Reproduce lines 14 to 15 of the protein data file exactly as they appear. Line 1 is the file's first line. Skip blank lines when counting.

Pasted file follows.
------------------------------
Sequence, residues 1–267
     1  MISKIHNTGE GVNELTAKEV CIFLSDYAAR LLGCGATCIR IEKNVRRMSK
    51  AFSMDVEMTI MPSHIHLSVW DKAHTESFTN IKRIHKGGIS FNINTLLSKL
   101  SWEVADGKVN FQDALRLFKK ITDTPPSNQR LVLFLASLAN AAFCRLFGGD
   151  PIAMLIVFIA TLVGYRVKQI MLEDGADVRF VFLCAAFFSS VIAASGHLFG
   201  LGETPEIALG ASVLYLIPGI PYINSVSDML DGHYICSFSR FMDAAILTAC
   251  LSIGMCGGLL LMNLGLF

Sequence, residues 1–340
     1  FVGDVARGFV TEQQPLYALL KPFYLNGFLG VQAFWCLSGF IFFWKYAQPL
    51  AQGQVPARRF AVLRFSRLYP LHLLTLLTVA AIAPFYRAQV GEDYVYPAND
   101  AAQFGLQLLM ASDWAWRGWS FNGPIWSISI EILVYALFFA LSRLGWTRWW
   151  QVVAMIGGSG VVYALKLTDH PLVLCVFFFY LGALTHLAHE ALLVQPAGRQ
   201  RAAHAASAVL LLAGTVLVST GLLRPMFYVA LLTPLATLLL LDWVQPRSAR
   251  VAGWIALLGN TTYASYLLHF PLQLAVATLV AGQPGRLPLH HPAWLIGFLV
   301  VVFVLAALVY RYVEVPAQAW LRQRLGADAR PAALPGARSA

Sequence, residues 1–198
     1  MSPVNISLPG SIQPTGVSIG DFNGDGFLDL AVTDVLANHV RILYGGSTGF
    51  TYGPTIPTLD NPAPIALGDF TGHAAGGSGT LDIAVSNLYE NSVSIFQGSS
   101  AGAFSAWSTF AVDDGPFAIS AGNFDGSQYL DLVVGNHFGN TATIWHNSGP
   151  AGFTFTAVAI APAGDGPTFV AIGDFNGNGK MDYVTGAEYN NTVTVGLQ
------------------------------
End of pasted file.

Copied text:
   251  VAGWIALLGN TTYASYLLHF PLQLAVATLV AGQPGRLPLH HPAWLIGFLV
   301  VVFVLAALVY RYVEVPAQAW LRQRLGADAR PAALPGARSA